Olivant In, Flowers Out for Northern Rock

An investment group led by veteran troubleshooter Luqman Arnold made a long-awaited rescue proposal for Northern Rock on Friday, as another suitor, U.S. buyout firm J.C. Flowers, pulled out of the bidding.

Britain's government, which has sanctioned 25 billion pounds ($50 billion) of Bank of England loans for Northern Rock since it became the country's biggest casualty of the global credit crunch in September, has picked a group led by Richard Branson's Virgin Group as its preferred bidder for the bank.


But it has said it is open to talks with other parties and Arnold said he was optimistic his proposal better meets the needs of government, shareholders and other stakeholders.

"The government has indicated its complete openness to any proposals that address the issues and the needs ... (we) can repay the loan while treating shareholders very well," he said.

"Our proposal is simpler, smoother and quicker," he added, saying it was based on stabilising the bank, bringing in new management and then developing the company as "a strong, independent brand" -- keeping the Northern Rock name.

Olivant, the group headed by Arnold, the former boss of British bank Abbey, said under its proposal Northern Rock would quickly repay between 10 billion and 15 billion pounds of Bank of England (BoE) loans and repay the balance by the end of 2009.

The Virgin group has said it would immediately repay 11 billion pounds of the BoE loans.

"There's a pretty finite amount that can be raised in today's market for this company with its assets, and the range right now is 10-15 billion (pounds)," Arnold said.

He declined to say who would fund this, but said a lot of banks are involved across the different offers but financing could not be committed until details of a rescue are confirmed.

U.S. private equity firm Cerberus remains interested in leading a consortium to buy Northern Rock, a person familiar with the matter said on Friday.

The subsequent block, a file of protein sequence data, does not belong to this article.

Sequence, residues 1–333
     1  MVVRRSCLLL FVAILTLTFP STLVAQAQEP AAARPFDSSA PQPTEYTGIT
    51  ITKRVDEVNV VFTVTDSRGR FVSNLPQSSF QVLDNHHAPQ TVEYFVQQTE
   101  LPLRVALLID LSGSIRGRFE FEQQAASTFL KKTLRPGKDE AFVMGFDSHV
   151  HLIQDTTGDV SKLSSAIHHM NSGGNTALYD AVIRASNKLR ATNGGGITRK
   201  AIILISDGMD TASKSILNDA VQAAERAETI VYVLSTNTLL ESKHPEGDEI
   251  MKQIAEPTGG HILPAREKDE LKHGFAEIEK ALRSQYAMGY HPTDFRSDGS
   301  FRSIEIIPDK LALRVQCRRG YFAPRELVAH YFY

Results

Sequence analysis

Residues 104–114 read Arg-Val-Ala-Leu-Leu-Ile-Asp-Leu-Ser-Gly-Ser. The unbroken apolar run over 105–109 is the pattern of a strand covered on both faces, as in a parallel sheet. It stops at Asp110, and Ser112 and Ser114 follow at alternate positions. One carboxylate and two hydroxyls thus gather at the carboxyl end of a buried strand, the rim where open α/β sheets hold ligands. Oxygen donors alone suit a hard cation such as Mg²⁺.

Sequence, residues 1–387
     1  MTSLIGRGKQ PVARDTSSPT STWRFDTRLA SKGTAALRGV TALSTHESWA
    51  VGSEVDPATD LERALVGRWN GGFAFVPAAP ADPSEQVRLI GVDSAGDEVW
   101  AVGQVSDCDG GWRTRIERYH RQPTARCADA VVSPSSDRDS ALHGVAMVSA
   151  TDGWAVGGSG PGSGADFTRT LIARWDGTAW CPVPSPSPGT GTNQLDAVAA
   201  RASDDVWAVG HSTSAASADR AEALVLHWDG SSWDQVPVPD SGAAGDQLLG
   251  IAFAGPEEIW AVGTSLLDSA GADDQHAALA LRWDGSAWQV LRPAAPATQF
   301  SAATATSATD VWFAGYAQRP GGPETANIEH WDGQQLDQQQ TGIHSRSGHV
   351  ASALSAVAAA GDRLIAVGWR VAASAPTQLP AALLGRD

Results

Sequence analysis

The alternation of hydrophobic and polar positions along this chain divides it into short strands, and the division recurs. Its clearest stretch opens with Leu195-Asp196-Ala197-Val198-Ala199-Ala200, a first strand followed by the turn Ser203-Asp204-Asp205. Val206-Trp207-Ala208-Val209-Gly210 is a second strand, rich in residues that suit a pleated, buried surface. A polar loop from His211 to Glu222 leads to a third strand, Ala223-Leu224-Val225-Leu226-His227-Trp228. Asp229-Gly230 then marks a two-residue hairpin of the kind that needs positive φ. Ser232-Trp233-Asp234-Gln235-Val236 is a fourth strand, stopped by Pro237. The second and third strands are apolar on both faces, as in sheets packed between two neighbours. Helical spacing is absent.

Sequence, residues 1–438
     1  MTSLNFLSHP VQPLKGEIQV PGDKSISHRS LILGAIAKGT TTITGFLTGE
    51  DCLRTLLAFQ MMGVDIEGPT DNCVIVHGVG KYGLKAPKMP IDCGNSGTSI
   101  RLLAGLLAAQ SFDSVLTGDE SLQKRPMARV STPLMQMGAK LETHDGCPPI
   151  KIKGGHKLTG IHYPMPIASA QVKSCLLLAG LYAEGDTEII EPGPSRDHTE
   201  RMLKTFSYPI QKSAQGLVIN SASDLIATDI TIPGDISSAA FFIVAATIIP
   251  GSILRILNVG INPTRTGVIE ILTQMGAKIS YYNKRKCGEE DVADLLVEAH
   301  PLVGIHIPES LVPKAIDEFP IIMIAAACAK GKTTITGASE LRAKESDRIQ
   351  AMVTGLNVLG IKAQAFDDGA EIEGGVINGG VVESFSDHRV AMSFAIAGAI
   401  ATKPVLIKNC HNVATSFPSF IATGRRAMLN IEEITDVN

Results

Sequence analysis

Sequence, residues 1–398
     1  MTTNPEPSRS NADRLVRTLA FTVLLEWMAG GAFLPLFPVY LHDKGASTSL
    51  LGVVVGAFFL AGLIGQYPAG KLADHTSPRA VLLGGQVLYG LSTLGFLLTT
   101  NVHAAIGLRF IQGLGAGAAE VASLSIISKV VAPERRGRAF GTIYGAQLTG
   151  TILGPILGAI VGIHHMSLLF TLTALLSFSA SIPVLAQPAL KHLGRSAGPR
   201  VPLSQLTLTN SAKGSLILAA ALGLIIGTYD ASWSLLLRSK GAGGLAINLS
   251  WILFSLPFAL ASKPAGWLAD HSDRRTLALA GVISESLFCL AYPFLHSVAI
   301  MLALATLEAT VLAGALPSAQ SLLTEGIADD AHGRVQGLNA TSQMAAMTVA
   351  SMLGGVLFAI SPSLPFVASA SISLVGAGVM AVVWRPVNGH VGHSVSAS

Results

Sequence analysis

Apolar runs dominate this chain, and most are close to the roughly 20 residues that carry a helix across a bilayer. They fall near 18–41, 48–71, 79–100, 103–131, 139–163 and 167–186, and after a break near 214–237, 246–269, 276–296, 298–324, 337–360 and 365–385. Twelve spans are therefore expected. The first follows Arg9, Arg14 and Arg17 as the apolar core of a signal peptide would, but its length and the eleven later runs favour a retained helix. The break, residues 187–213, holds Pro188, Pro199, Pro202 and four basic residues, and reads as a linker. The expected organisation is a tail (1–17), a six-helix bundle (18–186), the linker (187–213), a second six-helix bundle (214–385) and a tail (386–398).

Share Issue

Olivant said it planned for Northern Rock to raise between 450 million and 650 million pounds through a rights issue at near the prevailing market price. Olivant would subscribe for further shares worth about 150 million pounds, giving it a stake of about 15 percent.

The company said it had non-binding support from shareholders owning 23 percent of Northern Rock to take up their share of the rights issue and to sub-underwrite approximately 440 million pounds of the issue near the current market price.

Hedge fund RAB Capital, the second-biggest shareholder with a 6.7 percent stake, said it backed Olivant as its proposal was more attractive for shareholders. Northern Rock remains a viable business with the right strategy and management, RAB said.

SRM Capital, a hedge fund holding a 9 percent stake, is reported to also back Olivant but could not be reached. Small investors are estimated to hold about a quarter of Northern Rock's shares, and Olivant said it had support from retail shareholder groups.

"Of all the potential offers which have been described in the public domain, that from Olivant seems to align most closely with our aims," the Northern Rock Small Shareholders Group said.

"It is essentially an injection of leadership in the context of a shareholder-led solution."

By 1250 GMT Northern Rock shares were up 1.8 percent at 104.9 pence, valuing the bank at 440 million pounds.

Olivant will also be issued high-premium warrants over 7 percent of the enlarged company and the Bank of England will be issued warrants on the same terms over 5 percent of the capital.

Buyout firm J.C. Flowers withdrew from the auction as it had found it "impossible" to construct a deal that would deliver required value for Northern Rock shareholders alongside its own profitability criteria, a person familiar with the matter said.

Flowers remained interested in Northern Rock and it could re-enter talks if the auction process stumbles, he said. That would be based on a proposal made in mid-November, which included an offer to shareholders at a "nominal value."